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Debbie Harry
Photography Alexander Thompson

Debbie Harry: ‘Maybe sexual explicitness has come of age’

With an album and a live tour slated for next year, the Blondie frontwoman talks growing up at the height of rock and roll, female sexuality in the age of ‘WAP’, and writing new material over lockdown

Debbie Harry doesn’t believe in harbouring regrets. “I have made many, many errors, but nobody leads a perfect life,” she reflects down the telephone from New York. “So, should I regret anything? No. It is a waste of time. It really is a waste of time.”

Dial back to the turn of the 70s and the life that Harry led before fronting Blondie – prior to her image being burned onto the retina of popular culture – was colourful to say the least. “I was so desperate to live life,” she says of her time spent hanging with the outcasts and artists of downtown New York. “I was jamming in as much experience as I possibly could and I don’t know if I could have done anything differently. I learned a lot.”

The old Bowery music venue CBGBs has long passed into music folklore as the place that called the likes of Television, Patti Smith, and the Ramones their house bands. It was also where punk and new wave progenitors Blondie cut their teeth before they sashayed into the wider world with the protean panache that would make them a household name. Classic singles such as “Heart of Glass”, “Call Me”, “Atomic”, and “Rapture” have been responsible for more worldwide rug-cutting than an industrial carpet tool. To imply that they were merely a solid singles band is to do them a cardinal disservice, however.

And although they’ve always cocked their attention to the things ahead of them, Harry and her Blondie cohorts have spent a lot of time looking back just lately. Harry’s long-awaited autobiography, Face It, hit the shelves last year, and Blondie co-founder and one-time partner Chris Stein published Point of View: Me, New York City, and the Punk Scene, a photography book featuring personal snaps taken during the band’s pomp in the 70s and early 80s. “We can’t keep on touring and doing club dates the way that we used to. It would be physically impossible,” Harry concedes. “Living through this pandemic has certainly made us take a long look at the value of what we’ve got with our body of work.” Asked if it is a process of attempting to frame their legacy, she admits it’s something that they “have to do”.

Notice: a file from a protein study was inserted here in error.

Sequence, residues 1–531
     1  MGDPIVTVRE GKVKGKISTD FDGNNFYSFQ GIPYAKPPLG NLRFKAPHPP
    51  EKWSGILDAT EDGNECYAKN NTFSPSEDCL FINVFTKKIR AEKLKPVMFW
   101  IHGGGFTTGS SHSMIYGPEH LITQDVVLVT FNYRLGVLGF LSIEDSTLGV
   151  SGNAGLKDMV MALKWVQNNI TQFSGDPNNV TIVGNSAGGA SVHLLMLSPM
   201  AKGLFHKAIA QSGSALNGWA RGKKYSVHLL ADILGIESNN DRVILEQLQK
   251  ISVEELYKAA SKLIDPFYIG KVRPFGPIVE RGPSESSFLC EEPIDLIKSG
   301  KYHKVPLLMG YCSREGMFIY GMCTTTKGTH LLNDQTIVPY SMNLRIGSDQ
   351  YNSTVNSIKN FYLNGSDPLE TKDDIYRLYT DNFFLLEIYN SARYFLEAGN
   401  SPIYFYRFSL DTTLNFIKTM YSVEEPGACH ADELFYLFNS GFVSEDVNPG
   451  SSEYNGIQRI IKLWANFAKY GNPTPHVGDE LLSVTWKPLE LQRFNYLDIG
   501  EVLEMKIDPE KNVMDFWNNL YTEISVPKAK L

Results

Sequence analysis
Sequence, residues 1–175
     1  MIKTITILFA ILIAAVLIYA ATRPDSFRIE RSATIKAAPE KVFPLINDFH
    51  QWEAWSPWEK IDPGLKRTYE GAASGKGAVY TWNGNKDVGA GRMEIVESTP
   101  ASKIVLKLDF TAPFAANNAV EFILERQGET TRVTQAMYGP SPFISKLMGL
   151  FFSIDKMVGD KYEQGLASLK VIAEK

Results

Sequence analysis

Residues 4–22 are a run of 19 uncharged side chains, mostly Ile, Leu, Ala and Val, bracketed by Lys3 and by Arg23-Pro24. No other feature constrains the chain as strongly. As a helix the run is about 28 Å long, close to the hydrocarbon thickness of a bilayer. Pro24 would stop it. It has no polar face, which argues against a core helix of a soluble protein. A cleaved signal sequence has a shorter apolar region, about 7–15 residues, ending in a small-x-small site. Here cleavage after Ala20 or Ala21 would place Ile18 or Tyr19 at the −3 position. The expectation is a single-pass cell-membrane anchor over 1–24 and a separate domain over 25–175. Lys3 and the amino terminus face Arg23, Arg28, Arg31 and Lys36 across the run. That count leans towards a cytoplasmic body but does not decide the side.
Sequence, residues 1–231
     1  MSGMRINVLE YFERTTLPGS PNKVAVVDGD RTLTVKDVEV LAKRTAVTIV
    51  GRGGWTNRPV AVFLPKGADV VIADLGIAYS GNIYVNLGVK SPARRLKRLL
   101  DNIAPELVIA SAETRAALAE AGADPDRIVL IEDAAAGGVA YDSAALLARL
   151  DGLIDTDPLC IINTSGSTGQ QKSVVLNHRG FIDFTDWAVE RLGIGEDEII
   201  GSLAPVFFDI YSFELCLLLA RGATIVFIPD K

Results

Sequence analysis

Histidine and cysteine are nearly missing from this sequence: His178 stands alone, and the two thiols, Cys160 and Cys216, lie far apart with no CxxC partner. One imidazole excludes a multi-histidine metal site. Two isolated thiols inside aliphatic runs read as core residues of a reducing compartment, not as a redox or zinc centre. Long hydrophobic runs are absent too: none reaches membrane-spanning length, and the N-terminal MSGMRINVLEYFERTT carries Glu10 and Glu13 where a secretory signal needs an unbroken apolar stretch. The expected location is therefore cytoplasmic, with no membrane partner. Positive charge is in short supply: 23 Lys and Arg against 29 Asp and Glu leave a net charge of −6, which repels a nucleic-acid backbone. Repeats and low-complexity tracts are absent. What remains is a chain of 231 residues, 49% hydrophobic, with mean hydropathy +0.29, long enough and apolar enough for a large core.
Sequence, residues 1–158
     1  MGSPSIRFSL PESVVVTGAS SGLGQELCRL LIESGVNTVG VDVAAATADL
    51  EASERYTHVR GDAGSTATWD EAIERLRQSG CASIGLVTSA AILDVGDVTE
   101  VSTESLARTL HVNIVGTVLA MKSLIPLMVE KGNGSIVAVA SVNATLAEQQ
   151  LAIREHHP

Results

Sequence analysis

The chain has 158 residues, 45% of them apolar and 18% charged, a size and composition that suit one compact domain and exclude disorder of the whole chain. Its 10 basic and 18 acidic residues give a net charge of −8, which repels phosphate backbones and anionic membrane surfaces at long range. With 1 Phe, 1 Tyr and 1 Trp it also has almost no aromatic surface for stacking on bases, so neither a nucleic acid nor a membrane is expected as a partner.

This deep-dive into their canon has culminated in a mouth-watering archive set, Blondie: Against the Odds 1974-1982, slated for release next year. Coming in four formats, it promises to include extensive liner notes, “track by track” commentary by the entire band, a photographic history plus rare and unreleased bonus material. The group will also go out on the road – coronavirus permitting – for an autumn Against the Odds UK tour with Garbage.

The artist born Angela Trimble was put up for adoption only a few months after she was ushered into the world in the summer of 1945. A loving New Jersey couple took her in, rechristened her Deborah Harry, and raised her as their own. She grew up in a suburb that she “never left”,  was voted best-looking girl in her high school yearbook, and oscillated within a social circle that consisted of “many of the same people” throughout her childhood. “I was somehow shy within that,” she recalls, “(but) somebody once said to me that being shy was an ego trip and a light went on in my head. I thought, ‘Oh, uh-huh, let’s have none of that!’”

Harry travelled by bus as a curious teen to nearby Greenwich Village, imbibing the febrile inner-city atmosphere. In 1965, she graduated from junior college with an associate of arts degree and New York’s allure became too enticing to resist. She decamped to the bright lights of the city and made ends meet with a succession of odd jobs, including secretarial work for the BBC, waiting tables and an infamous nine-month stint as a Playboy Bunny.

The period was a traumatic one, too, with Harry enduring an ex-lover-turned-violent-stalker and a near-miss with serial killer Ted Bundy (although Bundy’s identity is contested by others). In her memoir, she writes candidly of the time she was raped by a man wielding a knife while on her way home from a concert with Stein. Music offered a vessel for her creativity, and she spent time as part of girl group The Stilettoes and folk ensemble Wind in the Willows before her meeting with guitarist Stein which set the foundations for Blondie. Their classic lineup was completed by Gary Valentine (bass), Jimmy Destri (keys), and Clem Burke (drums).

“Somebody once said to me that being shy was an ego trip and a light went on in my head. I thought, ‘Oh, uh-huh, let’s have none of that’” – Debbie Harry

Although they self-identified as punks, the parochial and nihilistic mandate as promulgated by the genre’s militant diehards never fit Blondie comfortably. The group looked outwards from the moment they started, drawing inspiration from their cosmopolitan city. Their sound was a melting pot pulling at the seams of culture’s fabric, and they would weave their own patterns from it.